Published on: 7/23/2014 3:22:38 PM Print | Font Sizes:  Normal Text Large Text

Thunder Bay ponders legal route after bridge impasse with CN


By: Northern Ontario Business staff

The City of Thunder Bay is considering its legal options after reaching an impasse with CN Rail on reopening a vital dual purpose bridge between the city and Fort William First Nation.
The City of Thunder Bay is considering its legal options after reaching an impasse with CN Rail on reopening a vital dual purpose bridge between the city and Fort William First Nation.

The City of Thunder Bay is considering its legal options after reaching an impasse with CN Rail on reopening a vital dual purpose bridge between the city and Fort William First Nation.

The James Street swing bridge, owned by CN, was damaged by fire last October. It was immediately repaired by the railway and reopened to rail freight traffic within a week, but CN has kept the bridge closed to pedestrian and vehicle traffic.

The bridge is one of two access points between the city and the First Nation, but it is the shortest and most direct route.

The closure has caused frustration among residents and leadership of the Fort William First Nation who have concerns about emergency response times and the impact to its business district.

On July 15, CN said it would contribute 50 per cent of the cost of a short-term fix, up to $1.5 million, to reopen the bridge. After five hours of discussion between the city and CN on July 21, city council voted to reject CN’s offer and go the legal route.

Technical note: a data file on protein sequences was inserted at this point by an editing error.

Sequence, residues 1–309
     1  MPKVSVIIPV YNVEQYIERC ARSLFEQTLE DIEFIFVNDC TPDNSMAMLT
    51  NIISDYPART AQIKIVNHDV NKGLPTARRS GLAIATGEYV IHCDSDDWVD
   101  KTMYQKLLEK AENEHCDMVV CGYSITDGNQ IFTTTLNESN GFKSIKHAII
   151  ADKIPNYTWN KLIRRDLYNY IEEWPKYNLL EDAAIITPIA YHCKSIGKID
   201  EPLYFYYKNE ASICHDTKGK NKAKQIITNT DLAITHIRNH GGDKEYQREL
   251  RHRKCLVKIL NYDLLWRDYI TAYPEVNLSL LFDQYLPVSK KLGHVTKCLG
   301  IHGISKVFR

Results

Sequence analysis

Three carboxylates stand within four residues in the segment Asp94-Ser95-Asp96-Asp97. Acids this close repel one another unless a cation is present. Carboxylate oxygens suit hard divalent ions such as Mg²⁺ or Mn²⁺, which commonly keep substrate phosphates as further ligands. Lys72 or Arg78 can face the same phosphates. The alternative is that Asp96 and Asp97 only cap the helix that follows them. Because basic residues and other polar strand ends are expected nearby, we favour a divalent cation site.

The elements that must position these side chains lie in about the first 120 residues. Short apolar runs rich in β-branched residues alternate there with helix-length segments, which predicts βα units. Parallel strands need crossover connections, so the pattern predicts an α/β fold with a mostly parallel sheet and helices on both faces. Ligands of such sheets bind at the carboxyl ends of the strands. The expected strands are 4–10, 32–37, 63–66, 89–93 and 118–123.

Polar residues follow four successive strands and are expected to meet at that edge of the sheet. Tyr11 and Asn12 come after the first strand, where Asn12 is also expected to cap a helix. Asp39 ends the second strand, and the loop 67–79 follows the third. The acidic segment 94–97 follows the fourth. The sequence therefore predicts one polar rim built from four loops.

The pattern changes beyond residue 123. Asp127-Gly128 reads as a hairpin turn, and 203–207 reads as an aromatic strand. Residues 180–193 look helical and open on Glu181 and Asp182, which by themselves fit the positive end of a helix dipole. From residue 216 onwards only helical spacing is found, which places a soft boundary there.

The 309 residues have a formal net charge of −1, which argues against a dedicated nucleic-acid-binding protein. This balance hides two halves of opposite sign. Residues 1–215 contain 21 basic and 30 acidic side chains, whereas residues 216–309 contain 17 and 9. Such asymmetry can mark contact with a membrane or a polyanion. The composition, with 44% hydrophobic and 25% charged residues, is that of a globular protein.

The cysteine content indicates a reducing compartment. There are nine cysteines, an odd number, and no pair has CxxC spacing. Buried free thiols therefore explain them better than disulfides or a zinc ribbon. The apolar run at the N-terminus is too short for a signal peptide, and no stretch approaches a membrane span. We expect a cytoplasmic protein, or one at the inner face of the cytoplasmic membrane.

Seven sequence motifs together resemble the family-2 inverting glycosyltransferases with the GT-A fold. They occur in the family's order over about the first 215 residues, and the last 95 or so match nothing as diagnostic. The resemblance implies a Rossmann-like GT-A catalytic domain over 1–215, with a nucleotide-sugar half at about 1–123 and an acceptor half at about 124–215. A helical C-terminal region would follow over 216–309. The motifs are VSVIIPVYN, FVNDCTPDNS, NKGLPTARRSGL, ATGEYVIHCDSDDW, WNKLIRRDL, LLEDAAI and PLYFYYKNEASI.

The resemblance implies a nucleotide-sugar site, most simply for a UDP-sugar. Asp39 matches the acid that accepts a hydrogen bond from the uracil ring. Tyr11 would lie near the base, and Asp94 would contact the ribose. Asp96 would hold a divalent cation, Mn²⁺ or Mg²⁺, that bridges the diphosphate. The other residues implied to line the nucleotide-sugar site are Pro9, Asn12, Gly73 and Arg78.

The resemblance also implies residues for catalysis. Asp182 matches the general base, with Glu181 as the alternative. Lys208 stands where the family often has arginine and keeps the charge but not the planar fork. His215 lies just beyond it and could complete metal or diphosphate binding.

In a July 22 statement, the city said the review will take “several months.”

The city is pointing to two agreements from 1905 and 1906 between the former Town of Fort William and the Grand Trunk Railway (a CN predecessor company) that stipulated the railway would be responsible to “maintain the bridge in perpetuity.”

“We have no alternative but to take the time for this in-depth legal review,” said Mayor Keith Hobbs in a statement. “We are frustrated on behalf of the residents of the City of Thunder Bay and Fort William First Nation who rely on the bridge to travel between our two communities for work, business and day-to-day activities; however, CN owns, operates and controls the bridge. They are solely responsible for the decision to keep the bridge closed or to reopen it to vehicles and pedestrians.”

“It presents a challenge to negotiate further with CN when it has taken the unilateral position that it is no longer responsible for the operation of the pedestrian and vehicular portions of the bridge under the 1906 agreement,” added city manager Tim Commisso.

“Let’s be clear – CN owns, operates, controls and maintains the bridge. CN is telling us it is unsafe – they are holding all the information regarding the structural condition of the bridge,” he said.

Just days before the fire, the city offered to work with CN on a structural assessment of the bridge, but received no reply from the railway.

“Even before the fire, the city asked to work together to assess the structural condition of the bridge,” said Commisso. “We have not heard back from CN on that offer.”

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